Faridi U. Middle East respiratory syndrome coronavirus (MERS-CoV): Impact on Saudi Arabia, 2015. Saudi J Biol Sci 2018;25:1402-5.  Back to cited text no. 23
Khan AH, Abutaleb A, Khan NA, Mahmoud E, Khursheed A, Kumar M. Co-occurring indicator pathogens for SARS-CoV-2: A review with emphasis on exposure rates and treatment technologies. Case Stud Chem Environ Eng 2021;4:100113. [doi.org/10.1016/j.cscee. 2021.100113].  Back to cited text no. 24
Omrani AS, Shalhoub S. Middle East respiratory syndrome coronavirus (MERS-CoV): What lessons can we learn? J Hosp Infect 2015;91:188-96.  Back to cited text no. 25
El-Kafrawy SA, Corman VM, Tolah AM, Al Masaudi SB, Hassan AM, Müller MA, et al. Enzootic patterns of Middle East respiratory syndrome coronavirus in imported African and local Arabian dromedary camels: A prospective genomic study. Lancet Planet Health 2019;3:e521-8.  Back to cited text no. 26
Victor PJ, Mathews KP, Paul H, Mammen JJ, Murugesan M. Protective effect of COVID-19 vaccine among health care workers during the second wave of the pandemic in India. Mayo Clin Proc 2021;96:2493-4.  Back to cited text no. 27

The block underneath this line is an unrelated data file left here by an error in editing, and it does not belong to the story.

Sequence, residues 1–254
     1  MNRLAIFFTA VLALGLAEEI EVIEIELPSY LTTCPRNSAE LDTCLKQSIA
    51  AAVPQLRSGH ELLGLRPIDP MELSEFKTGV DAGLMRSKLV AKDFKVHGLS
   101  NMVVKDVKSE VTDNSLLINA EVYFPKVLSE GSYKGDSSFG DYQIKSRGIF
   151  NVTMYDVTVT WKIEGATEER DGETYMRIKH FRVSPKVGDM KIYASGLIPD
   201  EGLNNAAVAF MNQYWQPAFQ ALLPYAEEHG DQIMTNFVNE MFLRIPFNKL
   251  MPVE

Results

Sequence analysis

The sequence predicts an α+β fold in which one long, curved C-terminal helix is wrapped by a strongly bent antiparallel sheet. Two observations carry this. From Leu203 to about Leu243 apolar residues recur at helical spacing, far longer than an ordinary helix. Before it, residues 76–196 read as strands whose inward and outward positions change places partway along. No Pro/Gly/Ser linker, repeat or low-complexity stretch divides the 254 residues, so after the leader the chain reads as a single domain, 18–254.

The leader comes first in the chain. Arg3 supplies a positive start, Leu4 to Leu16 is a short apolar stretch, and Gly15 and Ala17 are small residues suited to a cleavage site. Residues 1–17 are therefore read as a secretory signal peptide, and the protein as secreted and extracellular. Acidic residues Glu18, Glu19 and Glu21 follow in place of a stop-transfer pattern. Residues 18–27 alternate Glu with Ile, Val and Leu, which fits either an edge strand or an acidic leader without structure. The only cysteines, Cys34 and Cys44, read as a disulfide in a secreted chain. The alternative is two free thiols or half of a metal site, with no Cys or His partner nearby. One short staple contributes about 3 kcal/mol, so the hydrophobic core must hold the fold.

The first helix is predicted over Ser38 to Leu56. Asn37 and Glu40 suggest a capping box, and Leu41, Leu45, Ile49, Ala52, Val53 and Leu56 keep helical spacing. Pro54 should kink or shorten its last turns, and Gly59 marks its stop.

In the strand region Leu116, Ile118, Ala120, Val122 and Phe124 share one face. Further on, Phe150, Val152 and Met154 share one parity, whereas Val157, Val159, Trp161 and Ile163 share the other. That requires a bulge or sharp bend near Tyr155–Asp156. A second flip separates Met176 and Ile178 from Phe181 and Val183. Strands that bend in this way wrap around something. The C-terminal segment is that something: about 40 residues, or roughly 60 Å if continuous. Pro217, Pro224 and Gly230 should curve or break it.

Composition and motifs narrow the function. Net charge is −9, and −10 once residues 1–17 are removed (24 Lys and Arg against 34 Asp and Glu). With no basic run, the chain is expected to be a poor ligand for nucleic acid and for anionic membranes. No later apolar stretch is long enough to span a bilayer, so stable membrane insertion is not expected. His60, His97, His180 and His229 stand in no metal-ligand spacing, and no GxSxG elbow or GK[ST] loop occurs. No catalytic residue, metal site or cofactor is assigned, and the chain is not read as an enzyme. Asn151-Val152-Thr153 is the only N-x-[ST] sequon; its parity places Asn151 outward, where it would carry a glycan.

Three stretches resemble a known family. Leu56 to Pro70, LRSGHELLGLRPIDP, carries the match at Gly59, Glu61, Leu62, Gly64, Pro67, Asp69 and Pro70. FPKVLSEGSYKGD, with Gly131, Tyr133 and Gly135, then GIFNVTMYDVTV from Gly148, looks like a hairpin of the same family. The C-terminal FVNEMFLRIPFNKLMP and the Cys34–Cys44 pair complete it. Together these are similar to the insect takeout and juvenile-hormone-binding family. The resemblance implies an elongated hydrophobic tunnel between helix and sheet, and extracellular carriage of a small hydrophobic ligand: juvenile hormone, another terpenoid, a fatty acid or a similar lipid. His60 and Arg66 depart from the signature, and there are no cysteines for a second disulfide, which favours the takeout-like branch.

Kaur U, Bala S, Ojha B, Jaiswal S, Kansal S, Chakrabarti SS. Occurrence of COVID-19 in priority groups receiving ChAdOx1 nCoV-19 coronavirus vaccine (recombinant): A preliminary analysis from north India. J Med Virol 2022;94:407-12.  Back to cited text no. 28
Liu Y, Rocklöv J. The reproductive number of the Delta variant of SARS-CoV-2 is far higher compared to the ancestral SARS-CoV-2 virus. J Travel Med 2021;28:taab124.  Back to cited text no. 29
Burki TK. Omicron variant and booster COVID-19 vaccines. Lancet Respir Med 2022;10:e17.  Back to cited text no. 30
Chan PK, Tang JW, Hui DS. SARS: Clinical presentation, transmission, pathogenesis and treatment options. Clin Sci (Lond) 2006;110:193-204.  Back to cited text no. 31
Linton NM, Kobayashi T, Yang Y, Hayashi K, Akhmetzhanov AR, Jung SM, et al. Incubation period and other epidemiological characteristics of 2019 novel coronavirus infections with right truncation: A statistical analysis of publicly available case data. J Clin Med 2020;9:538.  Back to cited text no. 32
Wang L, Wang Y, Ye D, Liu Q. Review of the 2019 novel coronavirus (SARS-CoV-2) based on current evidence. Int J Antimicrob Agents 2020;55:105948.  Back to cited text no. 33
Wong KT, Antonio GE, Hui DS, Lee N, Yuen EH, Wu A, et al. Severe acute respiratory syndrome: Radiographic appearances and pattern of progression in 138 patients. Radiology 2003;228:401-6.  Back to cited text no. 34
Sheikh A, McMenamin J, Taylor B, Robertson C, Public Health Scotland and the EAVE II Collaborators. SARS-CoV-2 delta VOC in Scotland: Demographics, risk of hospital admission, and vaccine effectiveness. Lancet 2021;397:2461-2.  Back to cited text no. 35